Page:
June 17, 2019

Why Can’t Some Jews Say Thank You?

President Donald Trump delivers his State of the Union address to a joint session of Congress on Capitol Hill in Washington, February 5, 2019. REUTERS/Jim Young

You would think that a Jewish group would be happy to hear the leader of the free world stand up during his State of the Union address and say things like:

“We must never ignore the vile poison of anti-Semitism, or those who spread its venomous creed. With one voice, we must confront this hatred anywhere and everywhere it occurs.”

And remind the world that just months ago, “11 Jewish-Americans were viciously murdered in an anti-Semitic attack on the Tree of Life Synagogue in Pittsburgh,” and welcome Pittsburgh survivor Judah Samet, who “arrived at the synagogue as the massacre began.”

“But not only did Judah narrowly escape death last fall,” the president added, “more than seven decades ago, he narrowly survived the Nazi concentration camps.”

The president went from anti-Semitism to the Pittsburgh tragedy to the Holocaust:

“Judah says he can still remember the exact moment, nearly 75 years ago, after 10 months in a concentration camp, when he and his family were put on a train, and told they were going to another camp. Suddenly the train screeched to a halt. A soldier appeared. Judah’s family braced for the worst. Then, his father cried out with joy, ‘it’s the Americans.’”

The president wasn’t done with the Jews:

“A second Holocaust survivor who is here tonight, Joshua Kaufman, was a prisoner at Dachau. He remembers watching through a hole in the wall of a cattle car as American soldiers rolled in with tanks. ‘To me,’ Joshua recalls, ‘the American soldiers were proof that God exists, and they came down from the sky. They came down from heaven.’”

As I was hearing the president go on about the Jews, I was almost embarrassed at all the attention. Will others be resentful or envious? But the president still wasn’t done:

“I began this evening by honoring three soldiers who fought on D-Day in the Second World War. One of them was Herman Zeitchik. But there is more to Herman’s story. A year after he stormed the beaches of Normandy, Herman was one of those American soldiers who helped liberate Dachau.

“He was one of the Americans who helped rescue Joshua from that hell on Earth. Almost 75 years later, Herman and Joshua are both together in the gallery tonight — seated side-by-side, here in the home of American freedom. Herman and Joshua, your presence this evening is very much appreciated. Thank you very much.”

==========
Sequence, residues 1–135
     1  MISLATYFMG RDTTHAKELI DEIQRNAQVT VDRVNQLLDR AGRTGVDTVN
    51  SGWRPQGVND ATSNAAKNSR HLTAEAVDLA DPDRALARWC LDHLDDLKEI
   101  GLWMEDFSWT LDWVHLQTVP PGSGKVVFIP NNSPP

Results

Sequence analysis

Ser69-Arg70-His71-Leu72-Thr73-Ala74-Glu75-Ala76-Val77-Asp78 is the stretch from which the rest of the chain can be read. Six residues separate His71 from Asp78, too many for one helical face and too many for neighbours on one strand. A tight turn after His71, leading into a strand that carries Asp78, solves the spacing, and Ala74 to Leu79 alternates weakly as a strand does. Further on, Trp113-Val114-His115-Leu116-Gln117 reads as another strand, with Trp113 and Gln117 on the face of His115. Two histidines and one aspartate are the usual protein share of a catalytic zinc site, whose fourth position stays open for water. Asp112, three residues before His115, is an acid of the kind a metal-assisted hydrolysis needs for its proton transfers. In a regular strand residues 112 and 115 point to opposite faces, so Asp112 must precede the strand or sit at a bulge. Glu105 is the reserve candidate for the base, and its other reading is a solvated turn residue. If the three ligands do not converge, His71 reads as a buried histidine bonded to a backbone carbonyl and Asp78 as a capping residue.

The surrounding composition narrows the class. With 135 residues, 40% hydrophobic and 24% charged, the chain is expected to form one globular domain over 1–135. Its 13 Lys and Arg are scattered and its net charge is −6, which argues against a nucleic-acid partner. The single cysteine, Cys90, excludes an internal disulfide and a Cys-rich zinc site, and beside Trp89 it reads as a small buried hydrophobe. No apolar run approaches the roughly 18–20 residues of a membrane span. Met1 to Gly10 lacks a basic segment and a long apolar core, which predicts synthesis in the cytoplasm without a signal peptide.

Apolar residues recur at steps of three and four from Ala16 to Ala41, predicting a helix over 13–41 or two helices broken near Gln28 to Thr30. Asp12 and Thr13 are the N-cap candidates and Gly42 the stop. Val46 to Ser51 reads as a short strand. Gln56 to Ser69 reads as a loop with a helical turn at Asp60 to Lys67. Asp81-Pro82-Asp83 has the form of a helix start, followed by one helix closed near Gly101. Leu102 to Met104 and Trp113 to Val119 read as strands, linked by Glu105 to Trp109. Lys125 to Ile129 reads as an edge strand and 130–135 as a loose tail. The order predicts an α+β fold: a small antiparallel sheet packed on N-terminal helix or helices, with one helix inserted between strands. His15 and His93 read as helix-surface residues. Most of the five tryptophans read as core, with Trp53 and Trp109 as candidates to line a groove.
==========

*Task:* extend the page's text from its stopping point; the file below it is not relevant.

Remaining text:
So, why am I quoting so extensively from the Jewish section of the speech? Because right after the speech, I received this statement from the Jewish Democratic Council of America (JDCA) in response to the State of the Union Address:

“At a time when our country is in need of unity and leadership, President Trump delivered a divisive message characterized by fear and empty words.

Tonight was a missed opportunity for the president to lead and unify the country after a painful period of obstruction and a 35-day government shutdown. There is no onslaught of immigrants or security crisis on our southern border, and the U.S. military must not be used for political purposes. We reject the president’s ongoing obfuscation of the truth.

Trump’s continued insistence on an unnecessary border wall demonstrates that he is out of step with a bipartisan consensus in Congress, the will of the American people, and our core national security interests. Actions speak louder than words, and President Trump’s actions have been completely inconsistent with the best interests of our country and our values.

 In response to the president’s call for unity, we are unified in support of political change that will restore moral leadership and credibility to the White House, and our mission is more important now than ever before.”

Fair enough. Let’s grant, for the sake of discussion, that everything in this statement is true and justified. But why not one word of recognition of the president’s passionate mention of Jewish suffering and the need to fight the disease of Jew hatred? I understand Trump hatred. I’m as aware as anyone about his many flaws.

But does that mean a Jewish group cannot even show a tiny little bissel of gratitude when the president says things that are good for the Jews?

Has extreme partisanship gone that extreme?